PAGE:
The total amount of both alkylene oxides employed in this invention is from 3 to 12 and preferably 4 to 7 moles per mole of the secondary amine. The use of lower amounts of alkylene oxides will result in solid rather than liquid products regardless of the ratio of ethylene oxide to propylene oxide. At higher ratios of alkylene oxides to secondary amine, the properties of the polyoxyalkylene chain tend to adversely aifect and overshadow the properties derivable from the amine structure or the quaternary ammonium structure in any quaternary ammonium compounds prepared from such tertiary amine.
The polyoxyalkylene-containing tertiary amines of the present invention are liquid at room temperature, are free of odor, of good color, and of high purity. When reacted with alkyl halides, alkyl sulfates, or similar compounds to form quaternary ammonium compounds or when reacted with organic or inorganic acids to form ammonium salts, the resulting quaternary ammonium compounds and ammonium salts are not only readily liquefied but, further more, are Water-soluble in addition to exhibiting surface active properties, making the tertiary amines of the present invention extremely valuable in lubricating, detergent, and cosmetic compositions. The described combination of properties is, as indicated above, the result of the randomness of the polyoxyalkylene chain, the number of oxyalkylene units in the chain, and the ratio of oxyethylene units to oxypropylene units in the chain. It will be apparent that the various properties described are, to a certain degree, affected by the nature of the secondary amine employed but that such can be compensated for by adjusting the mole ratio of alkylene oxides to secondary amine and the mole ratio of ethylene oxide to propylene oxide within the limits set forth above. Thus, for the preferred di(hydrogenated tallow)amine, the most desirable combination of properties is obtained with a polyoxyalkylene chain length of 7 and an oxyethylene-to-oxypropylen ratio of 421.5.
The following examples further illustrate the formation and properties of the novel tertiary amines of the present invention but it should be understood that this invention is not to be limited to the particular details set forth in these examples. Unless otherwise stated, all units of quantity are by weight.
EXAMPLE 1 Into a 2-liter, stainless steel autoclave is charged 505 g. of di(hydrogenated tallow)amine, 50 g. of isopropyl alcohol, and 2 g. of potassium hydroxide. The reaction mixture is blanketed with nitrogen, heated to a temperature of 250 F. and pressured to p.s.i.g. A mixture of 88 g. of ethylene oxide and 58 g. of propylene oxide is then charged into the reaction vessel, under agitation, over a period of 5-8 minutes. The reaction is continued for an additional hour with agitation. On removal of catalyst residues by filtration and the isopropanol by distillation, a liquid tertiary amine containing on the average two oxyethylene units and one oxypropylene unit in random fashion is obtained. The tertiary amine has a hydrogen chloride equivalent of 645, a cloud point of 70 F., and a Gardner color of 6. After standing for a period of 24 hours at room temperature, a slight haze develops in the liquid.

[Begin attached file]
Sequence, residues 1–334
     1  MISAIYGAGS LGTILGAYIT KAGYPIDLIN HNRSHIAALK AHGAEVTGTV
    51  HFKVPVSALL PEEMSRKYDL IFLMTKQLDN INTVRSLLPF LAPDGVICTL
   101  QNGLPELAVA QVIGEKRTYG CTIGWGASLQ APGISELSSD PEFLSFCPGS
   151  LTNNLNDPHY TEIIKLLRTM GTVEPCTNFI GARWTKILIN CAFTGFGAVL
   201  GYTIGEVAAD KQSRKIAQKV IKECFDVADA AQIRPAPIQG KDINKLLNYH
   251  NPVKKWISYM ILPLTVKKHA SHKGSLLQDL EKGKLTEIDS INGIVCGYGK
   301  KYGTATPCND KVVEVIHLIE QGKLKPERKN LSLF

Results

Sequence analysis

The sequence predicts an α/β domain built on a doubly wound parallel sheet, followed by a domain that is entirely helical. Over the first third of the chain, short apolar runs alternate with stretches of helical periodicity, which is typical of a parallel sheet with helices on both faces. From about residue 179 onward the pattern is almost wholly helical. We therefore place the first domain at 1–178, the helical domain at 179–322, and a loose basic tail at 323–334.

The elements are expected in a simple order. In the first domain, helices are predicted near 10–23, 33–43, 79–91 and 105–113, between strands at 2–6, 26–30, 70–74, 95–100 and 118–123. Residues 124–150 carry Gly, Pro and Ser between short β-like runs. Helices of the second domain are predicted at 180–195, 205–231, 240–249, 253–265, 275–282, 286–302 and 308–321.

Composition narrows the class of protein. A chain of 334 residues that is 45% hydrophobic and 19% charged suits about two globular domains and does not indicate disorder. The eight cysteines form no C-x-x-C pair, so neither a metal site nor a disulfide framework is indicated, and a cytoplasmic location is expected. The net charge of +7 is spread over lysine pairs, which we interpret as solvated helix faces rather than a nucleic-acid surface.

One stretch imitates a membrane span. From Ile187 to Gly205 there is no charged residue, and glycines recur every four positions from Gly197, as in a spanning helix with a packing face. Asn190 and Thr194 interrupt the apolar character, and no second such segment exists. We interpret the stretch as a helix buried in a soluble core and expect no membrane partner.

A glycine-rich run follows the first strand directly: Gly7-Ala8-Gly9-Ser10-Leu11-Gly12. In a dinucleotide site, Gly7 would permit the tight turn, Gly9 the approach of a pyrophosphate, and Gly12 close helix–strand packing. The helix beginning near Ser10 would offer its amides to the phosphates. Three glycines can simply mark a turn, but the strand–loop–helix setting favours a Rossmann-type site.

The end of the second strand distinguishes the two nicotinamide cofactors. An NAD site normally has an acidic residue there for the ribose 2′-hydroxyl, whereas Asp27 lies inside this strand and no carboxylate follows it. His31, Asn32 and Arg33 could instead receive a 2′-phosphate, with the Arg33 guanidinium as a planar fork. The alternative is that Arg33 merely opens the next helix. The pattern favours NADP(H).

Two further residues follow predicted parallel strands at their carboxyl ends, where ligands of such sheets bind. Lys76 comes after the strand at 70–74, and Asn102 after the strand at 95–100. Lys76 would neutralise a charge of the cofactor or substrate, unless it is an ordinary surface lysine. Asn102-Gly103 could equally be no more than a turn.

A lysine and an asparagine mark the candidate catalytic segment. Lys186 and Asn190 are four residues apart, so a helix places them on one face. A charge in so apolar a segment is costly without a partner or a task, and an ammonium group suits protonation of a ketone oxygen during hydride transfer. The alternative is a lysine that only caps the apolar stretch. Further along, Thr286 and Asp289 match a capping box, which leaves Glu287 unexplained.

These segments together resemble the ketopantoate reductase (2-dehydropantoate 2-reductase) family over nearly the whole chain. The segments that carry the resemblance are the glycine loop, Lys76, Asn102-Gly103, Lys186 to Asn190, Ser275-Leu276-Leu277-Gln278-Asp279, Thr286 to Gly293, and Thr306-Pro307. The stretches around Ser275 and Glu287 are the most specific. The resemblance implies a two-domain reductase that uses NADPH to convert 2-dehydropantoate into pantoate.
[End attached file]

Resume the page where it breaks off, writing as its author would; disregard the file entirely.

EXAMPLES 26 Following the procedure of Example 1, tertiary amines are prepared using per mole of di(hydrogenated tallow) amine the moles of ethylene oxide and propylene oxide indicated in the table hereinbelow. The structure and properties of the resulting di(hydrogenated tallow)-polyoxy- (ethylene-propylene)amines are similarly listed in the table below.
wherein R and R are alkyl or alkenyl radicals of 12 to 20 carbon atoms, said R and R being the same or dif- TABLE Average degree of polymerization Moles of Holes of of polyalkylene Appearance after ethylene propylene oxide chain in HCl Cloud Gardner 24 hours at oxide oxide 111 amine equivalent point F.) color room temperature 3 2 5 656 86 6 Viscous liquid with heavy precipitate 1 2 3 685 98 7 Solid. 3 1 4 694 63 6 Clear liquid. 3 1. 5 4. 5 715 60 7 D0. 4 1. 5 5. 5 768 55 7 Do.
The foregoing table points up the criticality of the ratio of ethylene oxide to propylene oxide units in the chain as well as the criticality of the polyoxyalkylene chain length. A sample of the tertiary amine of Example 6 was analyzed and was found to contain 1.2% impurities other than amines and 98% of the tertiary amine.
It will be apparent from the foregoing examples that other secondary amines falling within the scope of suitable diamines as defined hereinabove can be substituted for the di(hydrogenated tallow)amine in the above-described procedures to result in corresponding tertiary amines. Various modifications and alterations of this invention will become apparent to those skilled in the art without departing from the scope and spirit of this invention, and it should be understood that the foregoing description and examples are not to be construed as limiting.
The utility of the tertiary amines of the present invention in the formation of quaternary ammonium compounds having a unique combination of properties is further amplified in cofiled copending application S.N. 555,264, now US. Patent No. 3,428,682.
What is claimed is:
I. A tertiary amine having the general formula:
it, Ryn l RiO dl References Cited UNITED STATES PATENTS 1,701,239 2/1955 Ryznar. 3,231,619 1/ 1966 Speranza.
FOREIGN PATENTS 246,457 8/1963 Australia.
CHARLES B. PARKER, Primary Examiner R. 1,. RAYMOND. Assistant Examiner US. Cl. X.R.